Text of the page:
Appoint community representatives

Instead of creating more organisations, give community representatives seats on the decision-making bodies. However:

Set up a Community Development Trust

Development trusts are non-profit-distributing companies, which may seek charitable status. They have their own staff and are governed by a Board including a range of interests. They are described in more detail elsewhere in theinformation sheets &shyp but they may not always be the most appropriate form of partnership.


Form a steering group of all interests

A steering group would have more say than a forum, but not control resources like a Development Trust. It may seem a reasonable compromise, but consider:

Run a Planning for Real exercise

Instead of relying solely on formal structures, using workshop techniques allows participation to be taken to residents and others. Planning for Real is one powerful technique which allows participants to build models of the neighbourhoods they want, and develop action plans. It provides more active involvement than public meetings or fora. However:

Get the money first, worry about partnership later

Dress up funding bids with token representation, then bring people on board when the money is there. This may be convenient for the bidding body &shyp however:

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Guidelines for partnership

Here are some guidelines which may offer you a way of deciding what sort of partnership you may wish to create, and how to make a start.

  1. Clarify your own aims and objectives in forming a partnership. What are you trying to achieve, and how will you explain that?
  2. Identify the stakeholders &shyp the key interests who can help or hinder the project or programme &shyp and put yourself in their shoes. Who holds the power?
  3. Consider who you really need as partners, and who would really want to be a partner. Some stakeholders may simply want to be consulted.
  4. Before approaching potential partners, make sure you have support and agreement within your own organisation about working with others.
  5. Make informal contact with partners to find out about their attitudes and interests before putting formal proposals.
  6. Communicate with your partners in language they will understand, focusing on what they may want to achieve.
  7. Plan the partnership process over time. For example, a new organisation may well take a year to set up.
  8. Use a range of methods to involve people &shyp workshop sessions as well as formal meetings. Be sociable.
  9. Encourage ideas from your partners. Ownership leads to commitment.
  10. Be open and honest.
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Other Internet resources

The Partnerships Handbook

A resource and guidebook for local, community-based groups addressing natural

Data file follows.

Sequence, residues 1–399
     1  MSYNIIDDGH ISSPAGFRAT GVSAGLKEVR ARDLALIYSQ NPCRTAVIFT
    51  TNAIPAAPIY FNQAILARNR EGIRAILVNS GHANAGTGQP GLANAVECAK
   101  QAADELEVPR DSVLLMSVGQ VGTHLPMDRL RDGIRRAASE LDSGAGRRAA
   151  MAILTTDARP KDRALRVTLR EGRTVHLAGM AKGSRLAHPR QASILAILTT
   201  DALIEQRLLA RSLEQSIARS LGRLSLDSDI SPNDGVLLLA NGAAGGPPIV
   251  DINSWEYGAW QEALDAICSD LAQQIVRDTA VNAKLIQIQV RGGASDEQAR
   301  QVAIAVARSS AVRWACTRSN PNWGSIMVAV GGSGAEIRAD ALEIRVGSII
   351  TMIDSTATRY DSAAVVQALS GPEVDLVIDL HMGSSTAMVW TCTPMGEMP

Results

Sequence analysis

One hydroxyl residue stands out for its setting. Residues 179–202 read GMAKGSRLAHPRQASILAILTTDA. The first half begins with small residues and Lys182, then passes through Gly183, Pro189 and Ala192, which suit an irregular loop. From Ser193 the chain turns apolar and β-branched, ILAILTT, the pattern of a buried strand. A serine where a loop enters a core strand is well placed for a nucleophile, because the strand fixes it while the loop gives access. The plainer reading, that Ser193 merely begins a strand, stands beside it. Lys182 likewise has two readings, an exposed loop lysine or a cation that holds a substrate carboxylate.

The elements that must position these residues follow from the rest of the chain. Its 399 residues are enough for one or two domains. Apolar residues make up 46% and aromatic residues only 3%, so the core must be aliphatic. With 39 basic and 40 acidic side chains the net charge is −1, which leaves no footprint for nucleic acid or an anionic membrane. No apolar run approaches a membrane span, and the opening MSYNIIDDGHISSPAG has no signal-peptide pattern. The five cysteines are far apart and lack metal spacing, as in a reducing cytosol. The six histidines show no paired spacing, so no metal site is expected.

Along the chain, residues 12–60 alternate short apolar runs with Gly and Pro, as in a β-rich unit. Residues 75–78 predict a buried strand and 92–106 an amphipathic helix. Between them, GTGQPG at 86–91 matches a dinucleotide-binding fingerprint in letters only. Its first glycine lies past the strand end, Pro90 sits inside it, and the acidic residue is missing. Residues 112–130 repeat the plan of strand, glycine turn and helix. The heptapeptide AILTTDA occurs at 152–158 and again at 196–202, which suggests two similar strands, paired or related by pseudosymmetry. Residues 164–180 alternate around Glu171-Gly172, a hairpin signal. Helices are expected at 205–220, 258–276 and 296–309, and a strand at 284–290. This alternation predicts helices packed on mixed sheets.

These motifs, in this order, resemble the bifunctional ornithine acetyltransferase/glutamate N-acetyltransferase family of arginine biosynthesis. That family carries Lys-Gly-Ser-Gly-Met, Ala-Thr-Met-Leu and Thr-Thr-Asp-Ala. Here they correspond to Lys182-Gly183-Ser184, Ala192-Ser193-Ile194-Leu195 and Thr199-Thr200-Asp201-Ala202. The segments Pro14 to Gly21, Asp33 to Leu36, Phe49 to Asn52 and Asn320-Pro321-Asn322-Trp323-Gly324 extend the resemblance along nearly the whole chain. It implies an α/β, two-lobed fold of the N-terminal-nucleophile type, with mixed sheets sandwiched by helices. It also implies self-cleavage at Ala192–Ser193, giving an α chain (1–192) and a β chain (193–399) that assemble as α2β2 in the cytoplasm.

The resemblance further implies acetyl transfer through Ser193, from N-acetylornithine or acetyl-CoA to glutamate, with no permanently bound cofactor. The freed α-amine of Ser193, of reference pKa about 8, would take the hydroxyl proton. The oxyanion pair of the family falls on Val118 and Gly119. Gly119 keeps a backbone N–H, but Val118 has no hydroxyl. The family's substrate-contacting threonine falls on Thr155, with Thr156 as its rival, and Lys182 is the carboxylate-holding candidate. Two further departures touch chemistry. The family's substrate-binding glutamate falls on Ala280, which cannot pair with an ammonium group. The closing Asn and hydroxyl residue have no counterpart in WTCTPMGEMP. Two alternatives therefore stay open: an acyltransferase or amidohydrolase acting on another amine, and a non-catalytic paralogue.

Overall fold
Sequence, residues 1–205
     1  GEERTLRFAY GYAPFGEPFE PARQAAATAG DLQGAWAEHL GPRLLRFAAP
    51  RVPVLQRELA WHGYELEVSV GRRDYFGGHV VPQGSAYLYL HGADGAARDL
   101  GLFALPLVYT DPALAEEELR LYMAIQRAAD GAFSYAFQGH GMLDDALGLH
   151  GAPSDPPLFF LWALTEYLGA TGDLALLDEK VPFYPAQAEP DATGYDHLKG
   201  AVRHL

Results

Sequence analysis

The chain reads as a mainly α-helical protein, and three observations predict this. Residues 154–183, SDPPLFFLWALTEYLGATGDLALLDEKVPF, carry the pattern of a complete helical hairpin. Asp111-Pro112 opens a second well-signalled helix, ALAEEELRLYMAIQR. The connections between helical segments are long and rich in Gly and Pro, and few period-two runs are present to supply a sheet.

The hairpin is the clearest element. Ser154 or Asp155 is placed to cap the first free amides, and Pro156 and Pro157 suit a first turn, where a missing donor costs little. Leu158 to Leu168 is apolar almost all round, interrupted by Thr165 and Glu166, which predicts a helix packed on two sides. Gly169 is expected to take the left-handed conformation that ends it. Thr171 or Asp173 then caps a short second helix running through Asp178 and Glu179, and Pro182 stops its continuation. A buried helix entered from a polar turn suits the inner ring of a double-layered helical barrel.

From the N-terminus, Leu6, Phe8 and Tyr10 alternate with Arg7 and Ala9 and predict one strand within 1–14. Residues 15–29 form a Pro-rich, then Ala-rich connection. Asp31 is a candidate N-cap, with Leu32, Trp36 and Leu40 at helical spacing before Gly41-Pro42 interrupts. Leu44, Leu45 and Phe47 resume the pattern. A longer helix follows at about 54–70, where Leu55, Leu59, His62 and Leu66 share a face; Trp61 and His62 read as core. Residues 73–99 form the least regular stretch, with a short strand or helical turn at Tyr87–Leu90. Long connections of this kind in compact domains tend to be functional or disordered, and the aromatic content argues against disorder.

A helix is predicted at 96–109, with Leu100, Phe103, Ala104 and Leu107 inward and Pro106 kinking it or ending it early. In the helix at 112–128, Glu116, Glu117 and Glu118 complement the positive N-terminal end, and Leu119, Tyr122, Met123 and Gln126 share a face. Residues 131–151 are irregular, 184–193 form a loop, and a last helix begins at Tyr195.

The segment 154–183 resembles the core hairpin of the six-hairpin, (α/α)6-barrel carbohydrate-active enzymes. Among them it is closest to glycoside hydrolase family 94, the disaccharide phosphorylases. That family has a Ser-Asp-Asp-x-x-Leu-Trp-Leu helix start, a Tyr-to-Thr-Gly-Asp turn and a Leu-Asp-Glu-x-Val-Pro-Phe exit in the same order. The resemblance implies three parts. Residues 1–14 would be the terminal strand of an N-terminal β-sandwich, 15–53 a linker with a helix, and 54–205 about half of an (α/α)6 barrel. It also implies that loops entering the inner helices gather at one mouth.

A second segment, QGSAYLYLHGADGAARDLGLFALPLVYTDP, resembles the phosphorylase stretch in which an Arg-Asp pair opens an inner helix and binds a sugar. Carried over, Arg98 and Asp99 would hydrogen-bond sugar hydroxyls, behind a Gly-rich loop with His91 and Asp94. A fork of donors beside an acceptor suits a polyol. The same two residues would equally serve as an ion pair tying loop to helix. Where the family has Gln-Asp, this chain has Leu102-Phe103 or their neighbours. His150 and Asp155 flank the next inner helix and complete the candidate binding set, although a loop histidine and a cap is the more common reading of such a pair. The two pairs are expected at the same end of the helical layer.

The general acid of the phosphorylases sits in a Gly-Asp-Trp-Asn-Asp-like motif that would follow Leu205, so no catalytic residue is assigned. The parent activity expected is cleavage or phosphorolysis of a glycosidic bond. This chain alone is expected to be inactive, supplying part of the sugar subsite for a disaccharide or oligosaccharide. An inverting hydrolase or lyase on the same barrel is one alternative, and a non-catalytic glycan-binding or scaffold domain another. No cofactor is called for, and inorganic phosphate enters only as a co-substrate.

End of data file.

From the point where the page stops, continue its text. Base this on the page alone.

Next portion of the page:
resource, land use, or environmental issues. Compiled by Ann Moote, Water Resources Research Center, College of Agriculture, The University of Arizona, Tucson, AZ.

Ann Moote writes: 'Local partnerships are rapidly forming around the United States to address land use and natural resource management issues. At the same time, federal agencies, such as the Bureau of Land Management, U.S. Fish and Wildlife Service, and Environmental Protection Agency, are actively embracing partnerships in order to better achieve their environmental and land management
missions. Several agency programs now exist which can facilitate such partnerships.

'Yet most natural resource-based partnerships operate in isolation from one another, and without
knowledge of the technical and financial assistance that may be available to them. To address this
lack of communication and information exchange, this site:

Communications as Engagement.

The Millennium Report to the Rockefeller Foundation. October 1994. The Millennium Report was commissioned by the Rockefeller Foundation in April 1994 as a key component of the Foundation's The Common Enterprise initiative. The initiative seeks to revitalize citizenship at the local level by bringing collaborative problem-solving and conflict resolution techniques to diverse groups of community stakeholders.

The Participatory Initiatives Web site has articles, participation techniques and a mailing list.

Participatory Initiatives is 'a diverse group of people with experiences including graduate and professional work in communications, media, planning, extension, adult education, international development, participatory research, and group facilitation. Our headquarters are in Guelph, Ontario, Canada.'

Internet Tour - Enhancing Planning and Participation

Resources selected by Michael Barndt for Milwaukee Associates in Urban Development (US).
'We can learn about the opportunities for supporting community building through
telecommunications by examining what other cities are already doing.'

Facilitator Central

Facilitation resources for trainers provided by the Hankamer School of Business at Baylor University.

The Public Involvement Network

The Official Network of the International Association of Public Participation Practitioners

Pour plus d'informations, contacter:
Partnerships Online

E-Mail - dwilcox@pavilion.co.uk